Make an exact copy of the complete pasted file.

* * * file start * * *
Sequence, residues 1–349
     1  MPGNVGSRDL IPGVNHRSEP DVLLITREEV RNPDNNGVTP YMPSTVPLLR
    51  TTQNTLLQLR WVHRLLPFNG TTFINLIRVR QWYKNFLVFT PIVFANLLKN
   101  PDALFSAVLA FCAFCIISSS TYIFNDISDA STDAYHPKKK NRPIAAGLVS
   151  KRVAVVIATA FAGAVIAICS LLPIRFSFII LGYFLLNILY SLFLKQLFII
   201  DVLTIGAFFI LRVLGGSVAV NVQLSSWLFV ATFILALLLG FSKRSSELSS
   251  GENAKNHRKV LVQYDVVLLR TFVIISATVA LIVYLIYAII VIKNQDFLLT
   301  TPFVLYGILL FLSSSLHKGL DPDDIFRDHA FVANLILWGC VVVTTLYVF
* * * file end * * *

Sequence, residues 1–349
     1  MPGNVGSRDL IPGVNHRSEP DVLLITREEV RNPDNNGVTP YMPSTVPLLR
    51  TTQNTLLQLR WVHRLLPFNG TTFINLIRVR QWYKNFLVFT PIVFANLLKN
   101  PDALFSAVLA FCAFCIISSS TYIFNDISDA STDAYHPKKK NRPIAAGLVS
   151  KRVAVVIATA FAGAVIAICS LLPIRFSFII LGYFLLNILY SLFLKQLFII
   201  DVLTIGAFFI LRVLGGSVAV NVQLSSWLFV ATFILALLLG FSKRSSELSS
   251  GENAKNHRKV LVQYDVVLLR TFVIISATVA LIVYLIYAII VIKNQDFLLT
   301  TPFVLYGILL FLSSSLHKGL DPDDIFRDHA FVANLILWGC VVVTTLYVF